Jul 11, 10
Read in July, 2010
I really wanted to enjoy this book--but I couldn't. And perhaps that was the point. Okorafor uses the trappings of fantasy--a young sorceress, her training, a prophetic quest--to discuss dark subject matters, particularly, the matter of sub-Saharan Africa. So it's an oddly compelling mash-up of Chinua Achebe and a J.K. Rowling coming of age novel. Issues, like weaponized rape, genocide, slavery, color-caste racism, genital mutilation, and sexism exist along side casual magic (shape-shifting, teleportation, and other dimensions). The characters do go through hell, but the author does manage to inject warmth and humor into the tale. While the first person narrative is engaging, the reader (or this reader) noticed that the text was in conversation with other texts, both literary and political. It made for a richer read, but I fear that other readers might miss the significance and be left in the dark. In short, this is not escapist fantasy literature, though the magic here will transport you to another world. Allegory enrobes this story.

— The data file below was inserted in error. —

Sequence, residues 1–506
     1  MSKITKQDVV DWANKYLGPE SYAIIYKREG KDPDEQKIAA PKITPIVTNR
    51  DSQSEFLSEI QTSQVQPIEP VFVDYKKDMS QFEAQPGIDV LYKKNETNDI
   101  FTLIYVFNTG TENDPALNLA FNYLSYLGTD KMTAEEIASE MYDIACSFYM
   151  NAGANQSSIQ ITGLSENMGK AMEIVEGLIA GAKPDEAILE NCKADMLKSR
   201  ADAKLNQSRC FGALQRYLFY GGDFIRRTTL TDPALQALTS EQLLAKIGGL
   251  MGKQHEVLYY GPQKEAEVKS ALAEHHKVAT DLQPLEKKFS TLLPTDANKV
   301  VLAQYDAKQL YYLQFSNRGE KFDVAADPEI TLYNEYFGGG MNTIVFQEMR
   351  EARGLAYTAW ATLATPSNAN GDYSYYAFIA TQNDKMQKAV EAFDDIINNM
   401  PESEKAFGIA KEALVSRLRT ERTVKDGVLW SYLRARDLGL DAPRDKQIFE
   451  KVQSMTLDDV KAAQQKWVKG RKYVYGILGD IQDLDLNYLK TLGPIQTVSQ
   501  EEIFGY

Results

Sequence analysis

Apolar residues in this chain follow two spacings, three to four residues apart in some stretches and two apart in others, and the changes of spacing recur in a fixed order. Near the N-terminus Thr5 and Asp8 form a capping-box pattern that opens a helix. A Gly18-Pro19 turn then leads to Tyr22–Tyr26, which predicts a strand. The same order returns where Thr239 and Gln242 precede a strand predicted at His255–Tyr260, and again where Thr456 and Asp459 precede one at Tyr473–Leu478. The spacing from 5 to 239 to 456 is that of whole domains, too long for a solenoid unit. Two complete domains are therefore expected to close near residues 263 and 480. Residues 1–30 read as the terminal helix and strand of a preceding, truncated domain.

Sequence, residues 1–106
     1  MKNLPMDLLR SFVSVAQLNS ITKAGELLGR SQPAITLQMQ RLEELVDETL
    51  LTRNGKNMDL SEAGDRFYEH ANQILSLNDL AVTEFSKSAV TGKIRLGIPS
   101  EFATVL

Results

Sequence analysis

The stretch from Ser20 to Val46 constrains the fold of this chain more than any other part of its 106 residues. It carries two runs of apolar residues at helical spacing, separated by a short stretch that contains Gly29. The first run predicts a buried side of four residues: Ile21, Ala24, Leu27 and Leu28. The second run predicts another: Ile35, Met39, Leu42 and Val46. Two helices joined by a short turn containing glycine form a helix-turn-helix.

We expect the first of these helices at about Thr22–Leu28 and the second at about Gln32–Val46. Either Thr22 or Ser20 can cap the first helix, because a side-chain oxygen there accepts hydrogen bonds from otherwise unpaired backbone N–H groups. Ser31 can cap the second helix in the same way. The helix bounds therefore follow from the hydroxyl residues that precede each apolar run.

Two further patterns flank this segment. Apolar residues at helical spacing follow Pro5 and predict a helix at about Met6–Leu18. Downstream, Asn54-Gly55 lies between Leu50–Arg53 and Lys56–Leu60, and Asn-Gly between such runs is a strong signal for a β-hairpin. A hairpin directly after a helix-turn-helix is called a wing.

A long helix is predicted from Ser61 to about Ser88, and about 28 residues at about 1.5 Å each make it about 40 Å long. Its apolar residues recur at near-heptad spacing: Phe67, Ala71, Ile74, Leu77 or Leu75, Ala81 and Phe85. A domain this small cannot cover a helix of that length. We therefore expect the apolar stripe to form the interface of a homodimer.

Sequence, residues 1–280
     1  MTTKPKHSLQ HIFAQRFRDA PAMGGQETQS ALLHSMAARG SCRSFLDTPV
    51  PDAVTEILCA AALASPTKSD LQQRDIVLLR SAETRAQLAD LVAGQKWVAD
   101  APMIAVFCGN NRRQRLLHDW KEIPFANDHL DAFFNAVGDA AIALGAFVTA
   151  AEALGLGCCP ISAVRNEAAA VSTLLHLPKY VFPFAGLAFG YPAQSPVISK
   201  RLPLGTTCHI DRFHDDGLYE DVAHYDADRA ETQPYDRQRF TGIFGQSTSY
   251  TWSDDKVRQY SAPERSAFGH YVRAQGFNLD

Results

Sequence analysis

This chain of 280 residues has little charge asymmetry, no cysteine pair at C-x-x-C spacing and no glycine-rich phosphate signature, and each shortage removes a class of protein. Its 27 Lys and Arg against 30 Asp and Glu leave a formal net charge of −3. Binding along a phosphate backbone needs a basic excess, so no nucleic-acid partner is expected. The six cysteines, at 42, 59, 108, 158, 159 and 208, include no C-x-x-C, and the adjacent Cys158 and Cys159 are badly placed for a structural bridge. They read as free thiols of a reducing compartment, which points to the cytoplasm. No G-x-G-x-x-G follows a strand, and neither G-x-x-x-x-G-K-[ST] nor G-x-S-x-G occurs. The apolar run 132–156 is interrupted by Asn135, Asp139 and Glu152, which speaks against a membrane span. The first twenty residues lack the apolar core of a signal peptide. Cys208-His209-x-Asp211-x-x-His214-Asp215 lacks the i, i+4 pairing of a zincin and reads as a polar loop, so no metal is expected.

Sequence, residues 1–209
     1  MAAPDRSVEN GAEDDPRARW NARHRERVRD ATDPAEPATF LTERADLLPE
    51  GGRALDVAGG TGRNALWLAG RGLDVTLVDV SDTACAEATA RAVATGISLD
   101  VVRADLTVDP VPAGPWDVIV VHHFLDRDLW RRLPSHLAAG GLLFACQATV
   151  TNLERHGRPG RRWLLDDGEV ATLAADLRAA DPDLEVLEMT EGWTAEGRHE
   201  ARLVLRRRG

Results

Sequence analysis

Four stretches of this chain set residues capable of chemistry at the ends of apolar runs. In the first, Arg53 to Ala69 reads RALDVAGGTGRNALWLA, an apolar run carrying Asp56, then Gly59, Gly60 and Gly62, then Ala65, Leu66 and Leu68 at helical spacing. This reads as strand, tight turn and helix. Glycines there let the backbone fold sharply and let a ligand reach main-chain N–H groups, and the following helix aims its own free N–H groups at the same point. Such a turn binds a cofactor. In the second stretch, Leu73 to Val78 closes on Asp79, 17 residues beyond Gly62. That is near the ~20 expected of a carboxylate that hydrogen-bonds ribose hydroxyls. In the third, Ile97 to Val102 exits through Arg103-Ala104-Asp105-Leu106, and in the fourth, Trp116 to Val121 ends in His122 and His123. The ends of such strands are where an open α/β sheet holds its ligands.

Who Fears Death reminds of The Unconquered Country, by Geoff Ryman and Ben Okri's tales of Azarro the Spirit Child. This is a brave book, full of some horrific images.